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Endiandra wolfei

Family

Lauraceae

Botanical Name

Endiandra wolfei B.Hyland

Hyland, B.P.M. (1989) Australian Systematic Botany 2: 250. Type: B. Gray 325: State Forest Reserve 1073, Black Mountain Road, 23.ii.1977 (QRS, holotypus).

Stem

Blaze odour aromatic or resembling that of guava (Psidium guajava).

Leaves

Twigs angular or fluted, clothed in tortuous, erect, white or pale brown hairs. Leaf blades about 6.5-12.5 x 2-5 cm, white or glaucous on the underside, clothed in tortuous, erect, pale brown hairs. Midrib depressed on the upper surface. Petioles flat on the upper surface. Oil dots visible with a lens.

Flowers

Flowers opening quite widely but with the tepals pointing upwards at anthesis. Tepals about 1.8-3 mm long. Staminal glands fused to form a disk or continuous ring of tissue around the ovary. Staminodes absent or not distinct from the disk.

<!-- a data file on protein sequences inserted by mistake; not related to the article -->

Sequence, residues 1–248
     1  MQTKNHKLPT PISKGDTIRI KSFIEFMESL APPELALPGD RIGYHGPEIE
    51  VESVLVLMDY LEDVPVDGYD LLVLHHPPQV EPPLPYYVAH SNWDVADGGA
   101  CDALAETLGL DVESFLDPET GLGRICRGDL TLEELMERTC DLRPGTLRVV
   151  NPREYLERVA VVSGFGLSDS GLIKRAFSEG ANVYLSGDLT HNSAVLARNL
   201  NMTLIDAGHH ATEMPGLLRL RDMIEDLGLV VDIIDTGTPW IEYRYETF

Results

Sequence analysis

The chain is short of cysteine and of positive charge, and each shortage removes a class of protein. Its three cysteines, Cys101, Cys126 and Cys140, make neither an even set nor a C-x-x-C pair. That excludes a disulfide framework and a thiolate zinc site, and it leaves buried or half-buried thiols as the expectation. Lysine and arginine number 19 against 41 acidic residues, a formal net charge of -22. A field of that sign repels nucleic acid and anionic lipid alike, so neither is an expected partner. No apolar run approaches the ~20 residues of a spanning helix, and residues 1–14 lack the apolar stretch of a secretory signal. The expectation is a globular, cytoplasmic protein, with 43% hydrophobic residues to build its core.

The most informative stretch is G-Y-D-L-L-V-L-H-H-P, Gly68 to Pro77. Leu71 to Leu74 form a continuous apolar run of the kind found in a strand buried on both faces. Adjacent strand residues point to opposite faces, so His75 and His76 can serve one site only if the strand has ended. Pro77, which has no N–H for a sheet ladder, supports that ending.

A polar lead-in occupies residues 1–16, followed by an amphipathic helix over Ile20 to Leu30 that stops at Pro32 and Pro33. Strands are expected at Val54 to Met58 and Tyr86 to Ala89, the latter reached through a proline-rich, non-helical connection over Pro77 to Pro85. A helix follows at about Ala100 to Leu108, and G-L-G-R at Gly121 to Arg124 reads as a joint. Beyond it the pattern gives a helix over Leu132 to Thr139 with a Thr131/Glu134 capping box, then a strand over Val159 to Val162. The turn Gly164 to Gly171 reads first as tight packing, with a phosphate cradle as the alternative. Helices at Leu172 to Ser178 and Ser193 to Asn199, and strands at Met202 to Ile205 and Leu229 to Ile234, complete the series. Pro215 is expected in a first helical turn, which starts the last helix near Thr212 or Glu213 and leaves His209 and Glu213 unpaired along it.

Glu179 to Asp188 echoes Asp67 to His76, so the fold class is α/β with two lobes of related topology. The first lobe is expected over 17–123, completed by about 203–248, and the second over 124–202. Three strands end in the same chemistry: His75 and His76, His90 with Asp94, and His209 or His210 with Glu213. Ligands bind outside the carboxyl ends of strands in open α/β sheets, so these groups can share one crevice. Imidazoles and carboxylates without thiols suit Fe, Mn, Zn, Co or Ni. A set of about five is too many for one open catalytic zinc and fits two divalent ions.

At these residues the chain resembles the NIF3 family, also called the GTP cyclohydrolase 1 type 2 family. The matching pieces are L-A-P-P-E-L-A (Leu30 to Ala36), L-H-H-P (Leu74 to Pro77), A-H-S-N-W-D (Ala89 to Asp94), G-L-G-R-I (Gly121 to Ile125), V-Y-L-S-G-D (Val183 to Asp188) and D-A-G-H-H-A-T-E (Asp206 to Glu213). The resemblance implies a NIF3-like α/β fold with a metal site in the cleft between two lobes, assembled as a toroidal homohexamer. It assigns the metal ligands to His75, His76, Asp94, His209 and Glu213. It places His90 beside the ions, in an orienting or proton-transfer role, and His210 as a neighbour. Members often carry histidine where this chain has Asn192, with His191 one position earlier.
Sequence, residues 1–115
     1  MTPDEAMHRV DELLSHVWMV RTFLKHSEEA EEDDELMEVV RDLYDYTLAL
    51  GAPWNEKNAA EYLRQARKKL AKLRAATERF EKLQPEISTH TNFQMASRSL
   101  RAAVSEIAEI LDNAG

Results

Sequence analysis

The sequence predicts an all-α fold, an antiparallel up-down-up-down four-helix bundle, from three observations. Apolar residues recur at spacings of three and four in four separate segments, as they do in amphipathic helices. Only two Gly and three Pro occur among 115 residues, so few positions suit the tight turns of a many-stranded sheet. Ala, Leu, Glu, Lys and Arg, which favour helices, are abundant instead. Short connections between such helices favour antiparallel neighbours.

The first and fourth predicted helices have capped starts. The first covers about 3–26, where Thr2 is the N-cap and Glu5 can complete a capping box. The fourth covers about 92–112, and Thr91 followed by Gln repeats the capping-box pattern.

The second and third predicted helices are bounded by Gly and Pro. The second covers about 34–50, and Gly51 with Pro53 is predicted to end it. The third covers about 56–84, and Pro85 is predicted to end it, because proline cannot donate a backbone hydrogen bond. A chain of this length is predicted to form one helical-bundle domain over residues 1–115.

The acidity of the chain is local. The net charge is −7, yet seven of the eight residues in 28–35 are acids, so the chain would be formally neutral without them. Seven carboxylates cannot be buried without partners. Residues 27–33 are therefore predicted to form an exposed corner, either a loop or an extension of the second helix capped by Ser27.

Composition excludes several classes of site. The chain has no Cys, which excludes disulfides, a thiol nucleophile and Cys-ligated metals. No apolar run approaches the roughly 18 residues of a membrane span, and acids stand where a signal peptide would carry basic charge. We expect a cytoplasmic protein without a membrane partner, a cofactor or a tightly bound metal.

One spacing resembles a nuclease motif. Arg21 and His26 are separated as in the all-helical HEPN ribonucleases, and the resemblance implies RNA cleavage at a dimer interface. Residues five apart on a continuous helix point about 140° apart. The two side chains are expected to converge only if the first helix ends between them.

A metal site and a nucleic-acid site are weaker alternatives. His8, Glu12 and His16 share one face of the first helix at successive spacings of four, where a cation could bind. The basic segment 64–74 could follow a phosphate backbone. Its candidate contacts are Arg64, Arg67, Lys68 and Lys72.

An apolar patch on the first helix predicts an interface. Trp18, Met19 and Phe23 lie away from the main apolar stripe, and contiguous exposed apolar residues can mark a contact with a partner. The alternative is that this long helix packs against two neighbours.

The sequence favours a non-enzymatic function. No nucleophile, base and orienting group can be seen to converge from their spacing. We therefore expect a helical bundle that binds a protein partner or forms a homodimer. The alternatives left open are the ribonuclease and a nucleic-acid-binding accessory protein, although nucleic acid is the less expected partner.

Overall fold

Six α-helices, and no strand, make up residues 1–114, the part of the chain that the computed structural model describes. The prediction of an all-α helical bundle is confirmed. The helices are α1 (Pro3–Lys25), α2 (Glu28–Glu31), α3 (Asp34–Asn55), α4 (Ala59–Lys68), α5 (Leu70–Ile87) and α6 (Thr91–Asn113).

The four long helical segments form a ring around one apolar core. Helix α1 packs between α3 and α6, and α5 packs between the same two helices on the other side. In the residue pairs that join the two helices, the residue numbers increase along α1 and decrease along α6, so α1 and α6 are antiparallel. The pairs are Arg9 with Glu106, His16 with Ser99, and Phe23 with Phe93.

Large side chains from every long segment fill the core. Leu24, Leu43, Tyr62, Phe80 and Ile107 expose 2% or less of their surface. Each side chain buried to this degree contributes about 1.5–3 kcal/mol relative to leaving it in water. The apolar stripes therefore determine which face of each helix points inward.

Fruit

Fruits ellipsoid, about 20-24 x 10-13 mm. Seed about 17-21 x 9-11 mm. Cotyledons pink.

Seedlings

First pair of leaves ovate or lanceolate, about 40-60 x 18-30 mm, glaucous on the underside. At the tenth leaf stage: leaves hairy on the upper surface especially along the midrib and main lateral veins, glaucous on the underside; oil dots small, numerous, visible with a lens.

Distribution and Ecology

Endemic to Queensland, occurs in NEQ and southwards to coastal central Queensland. Altitudinal range from sea level to 1100 m. Grows in well developed rain forest on a variety of sites.

Natural History

This species has no commercial value as it does not grow large enough to produce millable logs. Wood specific gravity 0.96-1.04. Hyland (1989).

NEQ

X

Tree

X

RFK Code

734